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An intervention to improve mental health care for conflict-affected forced migrants in low-resource primary care settings: a WHO MhGAP-based pilot study in Sri Lanka (COM-GAP study)

Overview of attention for article published in Trials, January 2013
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About this Attention Score

  • In the top 25% of all research outputs scored by Altmetric
  • High Attention Score compared to outputs of the same age (91st percentile)
  • High Attention Score compared to outputs of the same age and source (90th percentile)

Mentioned by

news
1 news outlet
policy
1 policy source
twitter
1 tweeter

Citations

dimensions_citation
15 Dimensions

Readers on

mendeley
161 Mendeley
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Title
An intervention to improve mental health care for conflict-affected forced migrants in low-resource primary care settings: a WHO MhGAP-based pilot study in Sri Lanka (COM-GAP study)
Published in
Trials, January 2013
DOI 10.1186/1745-6215-14-423
Pubmed ID
Authors

Chesmal Siriwardhana, Anushka Adikari, Tine Van Bortel, Paul McCrone, Athula Sumathipala

Abstract

Inadequacy in mental health care in low and middle income countries has been an important contributor to the rising global burden of disease. The treatment gap is salient in resource-poor settings, especially when providing care for conflict-affected forced migrant populations. Primary care is often the only available service option for the majority of forced migrants, and integration of mental health into primary care is a difficult task. The proposed pilot study aims to explore the feasibility of integrating mental health care into primary care by providing training to primary care practitioners serving displaced populations, in order to improve identification, treatment, and referral of patients with common mental disorders via the World Health Organization Mental Health Gap Action Programme (mhGAP).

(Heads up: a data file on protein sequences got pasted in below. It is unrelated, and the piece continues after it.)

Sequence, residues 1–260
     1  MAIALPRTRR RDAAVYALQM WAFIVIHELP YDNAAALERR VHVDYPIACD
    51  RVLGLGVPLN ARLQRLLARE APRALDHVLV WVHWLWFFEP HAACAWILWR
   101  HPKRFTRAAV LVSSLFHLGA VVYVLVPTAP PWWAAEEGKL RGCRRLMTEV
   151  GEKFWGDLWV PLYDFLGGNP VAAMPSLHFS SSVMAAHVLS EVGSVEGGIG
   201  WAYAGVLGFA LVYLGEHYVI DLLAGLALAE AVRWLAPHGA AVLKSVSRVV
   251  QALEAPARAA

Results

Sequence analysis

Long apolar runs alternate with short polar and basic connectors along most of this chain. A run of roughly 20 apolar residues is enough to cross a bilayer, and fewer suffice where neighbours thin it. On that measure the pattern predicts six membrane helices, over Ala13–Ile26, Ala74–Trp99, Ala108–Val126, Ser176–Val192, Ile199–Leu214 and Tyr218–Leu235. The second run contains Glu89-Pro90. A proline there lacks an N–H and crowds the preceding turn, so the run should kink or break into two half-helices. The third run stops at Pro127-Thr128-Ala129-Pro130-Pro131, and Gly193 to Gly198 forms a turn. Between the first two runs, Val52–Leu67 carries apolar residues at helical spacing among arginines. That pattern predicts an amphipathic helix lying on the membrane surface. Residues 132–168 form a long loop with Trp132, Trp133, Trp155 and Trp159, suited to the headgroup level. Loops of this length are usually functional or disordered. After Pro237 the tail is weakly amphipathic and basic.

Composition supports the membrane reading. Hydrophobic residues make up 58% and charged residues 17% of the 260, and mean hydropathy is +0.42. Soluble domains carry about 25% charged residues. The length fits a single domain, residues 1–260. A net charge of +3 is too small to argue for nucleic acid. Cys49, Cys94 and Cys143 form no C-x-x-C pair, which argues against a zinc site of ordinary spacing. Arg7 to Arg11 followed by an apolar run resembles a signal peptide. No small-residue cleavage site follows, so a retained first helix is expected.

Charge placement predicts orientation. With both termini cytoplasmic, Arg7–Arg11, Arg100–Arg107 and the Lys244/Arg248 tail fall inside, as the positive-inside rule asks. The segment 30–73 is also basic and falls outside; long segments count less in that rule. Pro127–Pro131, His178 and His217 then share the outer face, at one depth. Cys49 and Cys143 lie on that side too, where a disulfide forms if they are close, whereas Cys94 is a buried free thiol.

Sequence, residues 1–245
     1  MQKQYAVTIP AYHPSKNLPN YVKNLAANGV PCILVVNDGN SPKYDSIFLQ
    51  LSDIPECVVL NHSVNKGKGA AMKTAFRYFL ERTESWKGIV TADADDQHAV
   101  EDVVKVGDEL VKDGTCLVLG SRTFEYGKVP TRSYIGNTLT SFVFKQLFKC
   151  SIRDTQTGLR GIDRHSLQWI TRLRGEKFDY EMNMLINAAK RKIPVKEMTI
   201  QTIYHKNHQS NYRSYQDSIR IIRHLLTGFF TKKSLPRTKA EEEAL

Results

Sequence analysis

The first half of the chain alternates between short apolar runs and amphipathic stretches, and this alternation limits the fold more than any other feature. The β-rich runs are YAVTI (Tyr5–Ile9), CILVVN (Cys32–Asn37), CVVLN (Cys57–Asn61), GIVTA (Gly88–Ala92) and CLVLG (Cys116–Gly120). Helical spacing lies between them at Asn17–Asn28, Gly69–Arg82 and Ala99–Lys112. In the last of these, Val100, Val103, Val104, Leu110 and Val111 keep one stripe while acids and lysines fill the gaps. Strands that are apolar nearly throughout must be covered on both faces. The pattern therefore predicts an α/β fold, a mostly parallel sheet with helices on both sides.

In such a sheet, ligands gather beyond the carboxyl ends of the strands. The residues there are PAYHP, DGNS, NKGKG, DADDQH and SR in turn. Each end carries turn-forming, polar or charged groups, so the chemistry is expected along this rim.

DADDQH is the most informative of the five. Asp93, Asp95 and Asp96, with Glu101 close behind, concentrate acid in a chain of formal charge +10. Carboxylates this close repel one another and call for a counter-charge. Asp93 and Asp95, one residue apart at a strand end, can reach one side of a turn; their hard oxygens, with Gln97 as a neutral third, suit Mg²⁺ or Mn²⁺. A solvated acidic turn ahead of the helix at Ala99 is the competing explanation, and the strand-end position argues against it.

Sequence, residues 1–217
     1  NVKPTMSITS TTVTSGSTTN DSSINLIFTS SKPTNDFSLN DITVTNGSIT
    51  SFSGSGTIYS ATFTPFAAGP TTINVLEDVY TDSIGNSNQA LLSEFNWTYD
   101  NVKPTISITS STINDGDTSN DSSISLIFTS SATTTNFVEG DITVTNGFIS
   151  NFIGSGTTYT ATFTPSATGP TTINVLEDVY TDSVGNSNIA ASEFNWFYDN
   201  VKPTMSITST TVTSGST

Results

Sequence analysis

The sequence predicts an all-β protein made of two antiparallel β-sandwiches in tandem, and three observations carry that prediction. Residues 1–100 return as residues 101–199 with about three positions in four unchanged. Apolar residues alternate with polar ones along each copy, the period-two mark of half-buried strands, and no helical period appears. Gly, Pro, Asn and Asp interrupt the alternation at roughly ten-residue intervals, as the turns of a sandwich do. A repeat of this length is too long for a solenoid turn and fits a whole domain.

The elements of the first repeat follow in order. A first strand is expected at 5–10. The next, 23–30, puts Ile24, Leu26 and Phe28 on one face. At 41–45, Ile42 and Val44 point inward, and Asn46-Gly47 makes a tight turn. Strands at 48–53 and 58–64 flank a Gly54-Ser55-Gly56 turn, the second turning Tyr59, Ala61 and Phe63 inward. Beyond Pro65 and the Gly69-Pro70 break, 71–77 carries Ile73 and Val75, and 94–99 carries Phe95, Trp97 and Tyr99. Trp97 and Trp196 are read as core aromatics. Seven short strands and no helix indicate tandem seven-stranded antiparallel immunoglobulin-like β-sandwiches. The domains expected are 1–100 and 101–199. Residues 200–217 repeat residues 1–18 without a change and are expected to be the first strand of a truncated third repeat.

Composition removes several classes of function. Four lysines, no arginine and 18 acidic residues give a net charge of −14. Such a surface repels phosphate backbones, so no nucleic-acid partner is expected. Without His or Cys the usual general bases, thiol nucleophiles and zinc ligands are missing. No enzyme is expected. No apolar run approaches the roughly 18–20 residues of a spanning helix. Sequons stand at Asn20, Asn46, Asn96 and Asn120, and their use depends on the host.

Twitter Demographics

The data shown below were collected from the profile of 1 tweeter who shared this research output. Click here to find out more about how the information was compiled.

Mendeley readers

The data shown below were compiled from readership statistics for 161 Mendeley readers of this research output. Click here to see the associated Mendeley record.

Geographical breakdown

Country Count As %
United Kingdom 2 1%
Uganda 1 <1%
Unknown 158 98%

Demographic breakdown

Readers by professional status Count As %
Researcher 42 26%
Student > Master 32 20%
Student > Doctoral Student 13 8%
Student > Bachelor 12 7%
Other 11 7%
Other 34 21%
Unknown 17 11%
Readers by discipline Count As %
Medicine and Dentistry 48 30%
Social Sciences 30 19%
Psychology 27 17%
Nursing and Health Professions 17 11%
Economics, Econometrics and Finance 5 3%
Other 8 5%
Unknown 26 16%

Attention Score in Context

This research output has an Altmetric Attention Score of 13. This is our high-level measure of the quality and quantity of online attention that it has received. This Attention Score, as well as the ranking and number of research outputs shown below, was calculated when the research output was last mentioned on 01 January 2017.
All research outputs
#1,021,320
of 12,547,386 outputs
Outputs from Trials
#393
of 3,090 outputs
Outputs of similar age
#21,527
of 243,762 outputs
Outputs of similar age from Trials
#20
of 215 outputs
Altmetric has tracked 12,547,386 research outputs across all sources so far. Compared to these this one has done particularly well and is in the 91st percentile: it's in the top 10% of all research outputs ever tracked by Altmetric.
So far Altmetric has tracked 3,090 research outputs from this source. They typically receive more attention than average, with a mean Attention Score of 7.7. This one has done well, scoring higher than 87% of its peers.
Older research outputs will score higher simply because they've had more time to accumulate mentions. To account for age we can compare this Altmetric Attention Score to the 243,762 tracked outputs that were published within six weeks on either side of this one in any source. This one has done particularly well, scoring higher than 91% of its contemporaries.
We're also able to compare this research output to 215 others from the same source and published within six weeks on either side of this one. This one has done particularly well, scoring higher than 90% of its contemporaries.